Just as bad is ignorance about the deadline to enroll in Medicare, at 65. People often miss it and have to pay a penalty to get in the program, Votava said. And they might get confused if they have employer coverage. Not helping, Powell said, is that the Medicare and You instruction book is 130-plus pages, so many don't bother delving through it.
Failure to Save
This is a huge problem, especially for the young, who think they have plenty of time to take care of their investing needs -- and before they know it, have a family with its financial demands. The Pension Protection Act of 2006 smoothed the legal path for companies to automatically sign up employees for retirement programs like the 401(k), but not all workplaces do. And the employees can opt-out.
The earlier that you start a retirement program, the better off you are. But that noble-sounding platitude runs into some real-life hindrances.
One is that 401(k) plans often offer a bewildering array of fund choices to new workers. "They're overwhelmed, and so they do nothing," said Frank Pare, founder and president of PF Wealth Management Group, and a previous national president of the Financial Planning Association (where he now serves as national chair).
Plus, parents' finger-wagging at young folks for not saving is counter-productive, said Douglas Boneparth, president of Bone Fide Wealth, which specializes in high-achieving millennials, young professionals and entrepreneurs. "We shouldn't guilt young people for paying down student debt or buying a house ahead of retirement, he said.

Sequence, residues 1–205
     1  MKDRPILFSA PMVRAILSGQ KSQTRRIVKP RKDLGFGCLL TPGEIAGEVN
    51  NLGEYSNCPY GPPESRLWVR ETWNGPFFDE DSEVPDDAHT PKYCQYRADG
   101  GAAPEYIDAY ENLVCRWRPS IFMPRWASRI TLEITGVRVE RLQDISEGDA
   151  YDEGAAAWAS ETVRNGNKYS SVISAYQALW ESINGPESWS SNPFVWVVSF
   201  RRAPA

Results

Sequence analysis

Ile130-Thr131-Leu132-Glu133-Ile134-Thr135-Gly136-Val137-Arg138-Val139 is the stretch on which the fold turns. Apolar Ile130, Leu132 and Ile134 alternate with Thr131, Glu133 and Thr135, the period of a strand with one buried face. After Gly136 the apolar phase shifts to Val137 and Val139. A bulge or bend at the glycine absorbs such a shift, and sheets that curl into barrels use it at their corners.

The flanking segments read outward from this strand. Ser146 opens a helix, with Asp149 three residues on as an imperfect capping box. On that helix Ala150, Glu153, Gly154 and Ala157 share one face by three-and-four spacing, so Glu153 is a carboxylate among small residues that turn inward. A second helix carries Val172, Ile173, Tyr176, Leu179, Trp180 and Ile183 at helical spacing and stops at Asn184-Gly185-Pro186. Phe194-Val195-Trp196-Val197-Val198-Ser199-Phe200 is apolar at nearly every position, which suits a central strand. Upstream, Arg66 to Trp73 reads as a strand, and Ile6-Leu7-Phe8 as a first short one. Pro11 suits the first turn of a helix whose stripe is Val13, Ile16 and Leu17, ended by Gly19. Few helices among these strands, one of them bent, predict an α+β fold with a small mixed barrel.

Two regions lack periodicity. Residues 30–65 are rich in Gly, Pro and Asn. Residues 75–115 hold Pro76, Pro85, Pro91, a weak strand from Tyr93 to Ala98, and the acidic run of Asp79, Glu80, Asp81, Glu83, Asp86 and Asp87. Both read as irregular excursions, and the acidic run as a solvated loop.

The panel agreed that the young should at least be encouraged to put away something for retirement. Boneparth advocated more automatic deductions for investments as a possible solution for under-saving.
Financial illiteracy is widespread and limits people's ability to judge how best to allocate their investments. Too often, Powell noted, people fall back on heuristics -- namely, mental shortcuts that may prove ruinous. He said he's seen cases where people will look at 10 investment options and place 10% with each. Or invest alphabetically. "We're giving people the keys to the car without giving them any drivers' education," he remarked.